Québec Huffington Post – 23rd April 2018
Agnès Maltais wants to impose limits on the sectarian excesses of religions
She is calling for a parliamentary commission on religions such as Jehovah’s Witnesses or the Church of Scientology.
Quebec must examine the limits of freedom of religion in order to put an end to abuses that, in any other context, would be illegal.
The PQ spokesperson on secularism, Agnès Maltais, on Monday launched a petition to demand a parliamentary commission on religions such as Jehovah’s Witnesses or the Church of Scientology, including elements of indoctrination and codes of life are, in his opinion, prejudicial to their members.
“I do not attack religions,” defended Ms. Maltais from the outset.
“Religions, even sects, may exist,” she said, but it is more than time, she said, “to examine the possibility that, under the guise of religion, illegal actions may be taken. “.
“We have never examined the work of indoctrination of these sects from the angle we propose,” she said.
Taking for example the death of Eloise Dupuis, the 27-year-old Jehovah’s Witness who died in October 2016 while giving birth
to her child because she refused a blood transfusion, Agnès Maltais believes that it is time to look into the space given to religions who engage in what she describes as “sectarian drift” in the name of freedom of religion. worship.
Become a martyr or lose your paradise
The member was accompanied by ex-members of some of these organizations and relatives, including Eloise Dupuis’ aunt, Manon Boyer, who denounced the indoctrination and falsehoods of Jehovah’s Witnesses.
She recounted that during her last week of life, her niece “was literally kidnapped”, surrounded by “elders” (Jehovah’s Witnesses’ leaders) in her hospital room at all times who “forbade access to non – “and make sure she does not change her mind”.
“She was pressured day after day, arguing that she would be a model, an example, a martyrdom that would be mentioned in the pages of” Awake “(the review of the Witnesses). recalled that if she accepted blood, she would be rejected, she would lose her place in paradise. “
Agnès Maltais is not surprised by the reaction of the Minister of Health in this matter. “What Doctor (Gaétan) Barrette says, and I understand it, is that he does not want to touch free and informed consent,” she says, but her questioning is more about what underlies the decision. of Éloïse Dupuis.
“The value of consent must be questioned when there is indoctrination from the earliest years,” says the MP, a reflection that Manon Boyer, for her part, has already completed.
“Can anyone still claim that my niece’s refusal to health care was free and enlightened?” She says, adding, according to Coroner Luc Malouin’s report, “with a Blood transfusion, Eloise would be with us today, with a blood transfusion, his son would have a mother.
Mrs. Boyer recalls that her niece spent 25 of her 27 years of life under the influence of Jehovah’s Witnesses, whose prohibition of blood transfusions is more “intellectual fraud” than religion.
Thus, she argued that Jehovah’s Witnesses authorities lie to their members about transfusion-related infection risks “on the basis of false statistics”, lend to blood substitutes “properties they do not have”, have believers “that doctors are manipulated by Satan” or even “that the personality of the donor is transferred to the person who receives blood”.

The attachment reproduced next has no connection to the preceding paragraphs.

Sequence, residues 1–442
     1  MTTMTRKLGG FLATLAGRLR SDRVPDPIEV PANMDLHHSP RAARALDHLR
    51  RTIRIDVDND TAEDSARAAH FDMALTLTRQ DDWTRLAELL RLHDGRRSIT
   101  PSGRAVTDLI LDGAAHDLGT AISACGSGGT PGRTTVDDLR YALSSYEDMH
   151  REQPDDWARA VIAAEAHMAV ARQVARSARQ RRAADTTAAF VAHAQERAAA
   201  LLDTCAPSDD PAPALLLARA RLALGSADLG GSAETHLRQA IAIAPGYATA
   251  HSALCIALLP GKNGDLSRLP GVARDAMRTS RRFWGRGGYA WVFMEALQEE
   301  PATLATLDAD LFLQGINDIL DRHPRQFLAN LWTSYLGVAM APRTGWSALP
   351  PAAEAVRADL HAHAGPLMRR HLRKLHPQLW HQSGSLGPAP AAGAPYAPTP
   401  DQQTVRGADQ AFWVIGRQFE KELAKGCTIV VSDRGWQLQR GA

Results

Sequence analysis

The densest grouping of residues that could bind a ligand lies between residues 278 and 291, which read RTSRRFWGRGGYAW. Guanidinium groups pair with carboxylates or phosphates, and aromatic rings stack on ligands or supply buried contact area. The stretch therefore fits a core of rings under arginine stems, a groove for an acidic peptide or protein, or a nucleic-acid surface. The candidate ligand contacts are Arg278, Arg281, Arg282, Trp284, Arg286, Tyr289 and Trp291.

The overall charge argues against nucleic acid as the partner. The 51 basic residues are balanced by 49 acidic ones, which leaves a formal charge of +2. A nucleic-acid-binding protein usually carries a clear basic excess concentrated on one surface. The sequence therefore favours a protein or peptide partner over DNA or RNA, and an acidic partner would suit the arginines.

Elder Fraud and Child Abuse
Agnès Maltais also argued that the imposition of pressure on citizens, especially the elderly, to obtain money is considered fraud in any other circumstances.
“But sectarian groups are lobbying people of all ages to give money,” she said, “can we look at how much of it is extortion?”
She also recalled the sad saga of the Lev Tahor sect, whose practices had led the youth protection authorities of Quebec and Ontario to issue orders to take custody of children, a resounding failure when the members of the sect had had time to flee at every opportunity because of the authorities’ reluctance to intervene with a religious group.
“Lev Tahor, I still have it on my heart, dropped Mrs. Maltais, they let children go – they fled to Ontario and then to Central America – children who should have been protected by the protection of youth. “
The obsession of respect for beliefs
Well aware of the Charter right to freedom of religion, the member for Taschereau does not propose to ban any religion, but wants the legislator to seriously consider ways of intervening in the protection of children , the protection of seniors and the defense of the right to physical integrity of persons in these closed communities.
She also believes that the government has a responsibility to organize support for those seeking to leave these organizations and to provide them with access to justice, which is often necessary.
“These are wasted lives and it’s been several years trying to reintegrate into society,” said Michel Laflèche-Francoeur, a former member of the Mission of the Holy Spirit and the Church of Scientology.
Manon Boyer, however, did not hide a certain skepticism about the Couillard government which, according to her, “an obsession with the absolute respect of religious beliefs whatever they are”.
Agnès Maltais echoed this sentiment by commenting on the reaction of Premier Philippe Couillard to the death of Éloïse Dupuis: “The answer of Mr. Couillard is like everything that touches
to freedom of religion, it has become such a sacred concept that one can no longer question what that sometimes covers. “
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